The Center is located at 273 Hilltop Lane in Annapolis.
According to the Office of Emergency Preparedness and Risk Management, temperatures are expected to be in the middle and upper 90s for the next four days. The combination of hot temperatures and high humidity will combine to create a situation that can cause heat illness. Make sure to:
- Drink plenty of fluids
- Stay in an air-conditioned room
- Stay out of the sun
- Check on elderly relatives and neighbors
- Wear light weight and loose fitting clothing when possible
- When possible, reschedule strenuous activities to early morning or evening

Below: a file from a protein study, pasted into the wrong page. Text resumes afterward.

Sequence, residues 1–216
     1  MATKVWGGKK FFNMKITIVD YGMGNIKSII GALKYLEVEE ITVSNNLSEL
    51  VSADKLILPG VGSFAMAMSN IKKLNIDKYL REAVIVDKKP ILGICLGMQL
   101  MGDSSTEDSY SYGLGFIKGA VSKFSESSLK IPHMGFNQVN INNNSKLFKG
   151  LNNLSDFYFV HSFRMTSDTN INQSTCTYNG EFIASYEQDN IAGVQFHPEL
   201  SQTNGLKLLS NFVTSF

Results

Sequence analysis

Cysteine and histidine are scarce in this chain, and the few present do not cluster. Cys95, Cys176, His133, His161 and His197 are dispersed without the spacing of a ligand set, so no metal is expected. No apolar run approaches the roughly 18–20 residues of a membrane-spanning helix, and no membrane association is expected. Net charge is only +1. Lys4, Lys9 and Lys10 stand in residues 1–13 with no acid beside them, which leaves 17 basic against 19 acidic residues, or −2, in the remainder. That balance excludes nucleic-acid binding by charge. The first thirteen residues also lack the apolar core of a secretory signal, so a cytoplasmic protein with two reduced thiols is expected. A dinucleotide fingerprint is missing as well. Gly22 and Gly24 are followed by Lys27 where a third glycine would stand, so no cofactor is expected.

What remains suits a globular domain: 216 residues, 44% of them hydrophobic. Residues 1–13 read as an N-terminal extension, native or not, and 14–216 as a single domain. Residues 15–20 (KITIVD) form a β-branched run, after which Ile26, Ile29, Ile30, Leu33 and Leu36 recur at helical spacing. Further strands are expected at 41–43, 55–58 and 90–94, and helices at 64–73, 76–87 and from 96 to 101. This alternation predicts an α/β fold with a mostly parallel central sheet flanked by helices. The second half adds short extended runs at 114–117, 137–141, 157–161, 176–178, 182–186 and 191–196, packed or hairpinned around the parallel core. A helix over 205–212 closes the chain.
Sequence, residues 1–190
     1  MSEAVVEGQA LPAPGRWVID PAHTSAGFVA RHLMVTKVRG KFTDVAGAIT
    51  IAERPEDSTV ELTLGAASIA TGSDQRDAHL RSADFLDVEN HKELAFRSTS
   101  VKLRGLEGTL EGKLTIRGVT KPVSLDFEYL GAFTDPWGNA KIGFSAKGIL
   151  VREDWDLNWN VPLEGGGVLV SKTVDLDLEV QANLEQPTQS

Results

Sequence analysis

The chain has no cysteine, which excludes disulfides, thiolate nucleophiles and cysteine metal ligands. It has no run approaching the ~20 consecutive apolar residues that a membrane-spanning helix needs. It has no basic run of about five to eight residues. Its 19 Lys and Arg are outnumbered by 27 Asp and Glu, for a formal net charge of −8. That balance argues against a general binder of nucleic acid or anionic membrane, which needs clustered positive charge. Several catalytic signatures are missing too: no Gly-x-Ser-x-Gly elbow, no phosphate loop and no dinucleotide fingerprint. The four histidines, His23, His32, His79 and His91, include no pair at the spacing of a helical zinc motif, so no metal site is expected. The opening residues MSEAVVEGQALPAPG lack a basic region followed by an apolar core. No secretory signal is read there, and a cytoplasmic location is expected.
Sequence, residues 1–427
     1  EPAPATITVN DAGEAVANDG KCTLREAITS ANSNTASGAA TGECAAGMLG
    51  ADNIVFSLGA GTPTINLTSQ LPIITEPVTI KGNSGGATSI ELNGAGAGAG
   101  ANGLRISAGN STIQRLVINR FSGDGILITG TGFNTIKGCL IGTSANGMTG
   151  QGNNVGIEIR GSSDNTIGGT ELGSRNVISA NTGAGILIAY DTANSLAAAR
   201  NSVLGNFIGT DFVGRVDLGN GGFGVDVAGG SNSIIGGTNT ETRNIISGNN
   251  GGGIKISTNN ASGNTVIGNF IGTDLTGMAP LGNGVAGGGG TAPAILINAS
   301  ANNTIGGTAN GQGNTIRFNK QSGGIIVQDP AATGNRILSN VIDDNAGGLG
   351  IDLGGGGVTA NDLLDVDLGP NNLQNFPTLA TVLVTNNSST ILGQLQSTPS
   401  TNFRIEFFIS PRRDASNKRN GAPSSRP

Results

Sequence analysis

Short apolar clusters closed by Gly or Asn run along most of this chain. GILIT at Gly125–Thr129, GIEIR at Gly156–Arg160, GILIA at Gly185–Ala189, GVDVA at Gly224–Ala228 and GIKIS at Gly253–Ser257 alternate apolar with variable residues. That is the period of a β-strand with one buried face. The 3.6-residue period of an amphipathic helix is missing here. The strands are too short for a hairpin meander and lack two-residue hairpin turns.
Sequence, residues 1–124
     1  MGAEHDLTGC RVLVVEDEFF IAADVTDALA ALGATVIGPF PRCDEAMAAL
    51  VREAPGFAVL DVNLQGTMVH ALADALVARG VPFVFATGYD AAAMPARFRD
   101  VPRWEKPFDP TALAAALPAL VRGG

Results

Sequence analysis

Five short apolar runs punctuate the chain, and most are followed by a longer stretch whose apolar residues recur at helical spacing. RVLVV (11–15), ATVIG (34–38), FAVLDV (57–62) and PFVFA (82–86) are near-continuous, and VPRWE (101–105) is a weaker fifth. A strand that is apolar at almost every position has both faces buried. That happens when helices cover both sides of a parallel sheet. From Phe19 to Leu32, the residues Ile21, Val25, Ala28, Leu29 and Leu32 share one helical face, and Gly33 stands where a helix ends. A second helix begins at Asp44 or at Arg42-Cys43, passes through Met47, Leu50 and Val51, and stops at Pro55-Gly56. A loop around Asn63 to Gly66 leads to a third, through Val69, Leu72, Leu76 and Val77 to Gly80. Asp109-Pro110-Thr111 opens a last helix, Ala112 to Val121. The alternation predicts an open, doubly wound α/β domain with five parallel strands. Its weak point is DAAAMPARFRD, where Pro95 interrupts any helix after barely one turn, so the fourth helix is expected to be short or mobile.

Never leave small children or pets unattended in vehicles. Temperatures inside the vehicle can rapidly climb to 130 degrees.
Know the signs and symptoms of heat exhaustion and heat stroke:
• Heat cramps – These are muscle contractions that are connected to heat and dehydration.
• Heat exhaustion – This is also a result of excessive heat and dehydration. The signs of heat exhaustion are paleness, dizziness, nausea, and vomiting, fainting and increased temperature.
• Heatstroke – This is the most severe form of heat illness. These people have warm, flushed skin and do not sweat. This is considered a critical medical emergency. These patients must have their temperature reduced quickly and taken directly to the hospital.
Anyone overcome by heat should be moved to a cool and shaded location. Heat stroke is an emergency – call 911.
For more information, call EPARM at 410-216-9167.